This panorama would seem like a dream set in the 1950s, but it’s not. It’s 2020—and the drive-in is back.

While the novel coronavirus pandemic has emptied out indoor cineplexes, concert venues, and sports arenas, the nostalgic, near-obsolete practice of parking under the stars to see the latest flick is back in business. (Though diehards would say it never disappeared.) Just over 300 drive-in movie theaters remain in the U.S.—a far cry from the more than 4,000 that were operating during their ’50s heyday—but these relics now offer one of the few viable forms of outdoor entertainment in the midst of widespread stay-at-home measures.

Outdoor cinemas have received the blessing to reopen from a number of state governors including Tony Evers of Wisconsin, Phil Murphy of New Jersey, and Andrew Cuomo of New York. The trend could very well spread across the nation as more states cautiously lift COVID-19 restrictions on businesses. Drive-ins are a natural candidate for relief given the inherent social distancing of being inside a parked personal car.

So in which states are drive-in theaters open, or planning to open soon? And exactly what kinds of movies can you expect to see? Will blockbusters from major studios make their premieres under the night sky? Read on to find out.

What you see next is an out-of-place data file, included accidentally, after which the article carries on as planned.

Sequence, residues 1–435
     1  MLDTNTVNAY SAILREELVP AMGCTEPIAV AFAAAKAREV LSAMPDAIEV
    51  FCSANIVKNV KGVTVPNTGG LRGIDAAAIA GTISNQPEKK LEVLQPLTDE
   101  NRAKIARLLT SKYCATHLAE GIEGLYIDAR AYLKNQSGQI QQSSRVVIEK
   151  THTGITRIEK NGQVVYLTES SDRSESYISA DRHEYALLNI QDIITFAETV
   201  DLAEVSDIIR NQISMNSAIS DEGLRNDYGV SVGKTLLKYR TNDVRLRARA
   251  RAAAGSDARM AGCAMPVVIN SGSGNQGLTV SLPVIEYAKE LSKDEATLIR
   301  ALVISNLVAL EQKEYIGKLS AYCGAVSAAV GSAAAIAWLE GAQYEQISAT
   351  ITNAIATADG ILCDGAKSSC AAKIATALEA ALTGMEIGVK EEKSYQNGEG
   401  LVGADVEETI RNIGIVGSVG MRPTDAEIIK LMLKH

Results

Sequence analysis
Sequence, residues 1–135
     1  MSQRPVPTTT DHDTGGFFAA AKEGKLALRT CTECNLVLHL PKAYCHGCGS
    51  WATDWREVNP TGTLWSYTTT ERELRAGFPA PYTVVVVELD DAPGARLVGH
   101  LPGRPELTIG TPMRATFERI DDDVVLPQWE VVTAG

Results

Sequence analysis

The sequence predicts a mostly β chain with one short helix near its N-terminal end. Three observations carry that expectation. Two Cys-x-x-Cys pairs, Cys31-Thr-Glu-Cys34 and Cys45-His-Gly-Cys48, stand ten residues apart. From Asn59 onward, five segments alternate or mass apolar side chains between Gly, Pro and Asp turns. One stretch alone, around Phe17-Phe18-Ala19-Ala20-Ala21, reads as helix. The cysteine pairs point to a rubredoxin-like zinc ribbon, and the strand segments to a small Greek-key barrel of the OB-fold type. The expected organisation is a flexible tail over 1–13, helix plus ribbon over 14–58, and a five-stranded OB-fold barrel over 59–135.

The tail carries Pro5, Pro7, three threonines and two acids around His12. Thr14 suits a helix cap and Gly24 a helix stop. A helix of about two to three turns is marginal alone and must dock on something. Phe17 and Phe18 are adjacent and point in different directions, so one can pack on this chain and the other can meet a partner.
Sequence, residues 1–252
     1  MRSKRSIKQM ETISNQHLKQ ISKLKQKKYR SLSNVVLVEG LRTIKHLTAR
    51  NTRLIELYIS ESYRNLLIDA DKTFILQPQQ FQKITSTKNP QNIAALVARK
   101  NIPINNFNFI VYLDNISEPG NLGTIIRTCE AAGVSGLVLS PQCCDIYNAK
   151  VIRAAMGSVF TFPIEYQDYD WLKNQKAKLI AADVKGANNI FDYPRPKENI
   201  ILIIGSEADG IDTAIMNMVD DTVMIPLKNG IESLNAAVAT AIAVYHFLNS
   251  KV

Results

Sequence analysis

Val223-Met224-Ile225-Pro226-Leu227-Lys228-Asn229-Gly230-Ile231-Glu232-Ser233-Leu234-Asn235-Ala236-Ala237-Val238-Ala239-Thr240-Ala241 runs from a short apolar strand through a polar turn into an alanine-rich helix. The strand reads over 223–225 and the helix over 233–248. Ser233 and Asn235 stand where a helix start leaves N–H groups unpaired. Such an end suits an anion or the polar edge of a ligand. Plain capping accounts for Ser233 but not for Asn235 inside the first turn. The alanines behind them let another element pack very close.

Which drive-in theaters are open?

Rules and guidelines for drive-ins vary by state. Some states are allowing only regions that have passed certain measures, such as a lowered percentage of new COVID-19 cases, to open businesses like drive-ins. And because of the constantly evolving nature of government response to the pandemic, any list of open businesses can change week by week or even daily.

Wannabe drive-in attendees will need to check the guidelines of their local districts before making their way to the theater. But as of May 15, drive-ins have resumed business in some capacity in the following states:

  • Alabama
  • California
  • Connecticut
  • Florida
  • Georgia
  • Idaho
  • Illinois
  • Indiana
  • Kansas
  • Missouri
  • New Jersey
  • New York
  • North Carolina
  • Ohio
  • Oklahoma
  • Pennsylvania
  • South Carolina
  • Tennessee
  • Texas
  • Utah
  • Wisconsin

The status of drive-ins remains less clear in other states. Take Virginia, where Family Drive-in Theatre owner Jim Kopp he had the okay from Gov. Ralph Northam’s office to reopen. The paper described the permission as “apparent,” as the governor’s office did not respond to its request for comment (nor did it from Fortune).

Other states, like Washington and Michigan, remain steadfast in the decision to keep drive-ins closed despite protest from theater owners. In the case of Michigan, a drive-in owner defiantly told the local outlet : “We’re open. We’ll wait and see what happens.”